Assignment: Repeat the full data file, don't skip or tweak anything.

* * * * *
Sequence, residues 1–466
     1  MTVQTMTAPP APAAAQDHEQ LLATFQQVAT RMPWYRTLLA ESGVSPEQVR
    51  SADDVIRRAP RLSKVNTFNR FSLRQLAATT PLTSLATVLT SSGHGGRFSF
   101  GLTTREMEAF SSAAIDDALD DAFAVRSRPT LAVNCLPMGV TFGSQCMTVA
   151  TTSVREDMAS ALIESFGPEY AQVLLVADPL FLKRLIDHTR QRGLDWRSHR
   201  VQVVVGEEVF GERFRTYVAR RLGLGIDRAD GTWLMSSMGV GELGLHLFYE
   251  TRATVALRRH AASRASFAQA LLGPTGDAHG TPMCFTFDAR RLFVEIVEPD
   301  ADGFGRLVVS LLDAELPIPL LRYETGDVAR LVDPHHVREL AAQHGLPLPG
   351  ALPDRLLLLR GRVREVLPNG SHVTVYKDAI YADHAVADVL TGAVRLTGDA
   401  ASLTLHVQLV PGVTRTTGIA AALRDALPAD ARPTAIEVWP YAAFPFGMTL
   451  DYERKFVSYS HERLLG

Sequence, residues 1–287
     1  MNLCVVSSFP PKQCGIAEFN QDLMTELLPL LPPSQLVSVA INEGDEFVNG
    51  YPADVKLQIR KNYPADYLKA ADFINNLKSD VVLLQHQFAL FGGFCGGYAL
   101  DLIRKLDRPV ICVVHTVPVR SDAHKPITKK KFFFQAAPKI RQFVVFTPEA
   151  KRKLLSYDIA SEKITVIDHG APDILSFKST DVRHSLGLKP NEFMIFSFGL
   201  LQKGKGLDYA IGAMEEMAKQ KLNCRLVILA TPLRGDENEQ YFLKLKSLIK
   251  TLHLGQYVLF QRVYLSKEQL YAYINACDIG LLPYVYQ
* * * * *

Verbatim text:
Sequence, residues 1–466
     1  MTVQTMTAPP APAAAQDHEQ LLATFQQVAT RMPWYRTLLA ESGVSPEQVR
    51  SADDVIRRAP RLSKVNTFNR FSLRQLAATT PLTSLATVLT SSGHGGRFSF
   101  GLTTREMEAF SSAAIDDALD DAFAVRSRPT LAVNCLPMGV TFGSQCMTVA
   151  TTSVREDMAS ALIESFGPEY AQVLLVADPL FLKRLIDHTR QRGLDWRSHR
   201  VQVVVGEEVF GERFRTYVAR RLGLGIDRAD GTWLMSSMGV GELGLHLFYE
   251  TRATVALRRH AASRASFAQA LLGPTGDAHG TPMCFTFDAR RLFVEIVEPD
   301  ADGFGRLVVS LLDAELPIPL LRYETGDVAR LVDPHHVREL AAQHGLPLPG
   351  ALPDRLLLLR GRVREVLPNG SHVTVYKDAI YADHAVADVL TGAVRLTGDA
   401  ASLTLHVQLV PGVTRTTGIA AALRDALPAD ARPTAIEVWP YAAFPFGMTL
   451  DYERKFVSYS HERLLG

Sequence, residues 1–287
     1  MNLCVVSSFP PKQCGIAEFN QDLMTELLPL LPPSQLVSVA INEGDEFVNG
    51  YPADVKLQIR KNYPADYLKA ADFINNLKSD VVLLQHQFAL FGGFCGGYAL
   101  DLIRKLDRPV ICVVHTVPVR SDAHKPITKK KFFFQAAPKI RQFVVFTPEA
   151  KRKLLSYDIA SEKITVIDHG APDILSFKST DVRHSLGLKP NEFMIFSFGL
   201  LQKGKGLDYA IGAMEEMAKQ KLNCRLVILA TPLRGDENEQ YFLKLKSLIK
   251  TLHLGQYVLF QRVYLSKEQL YAYINACDIG LLPYVYQ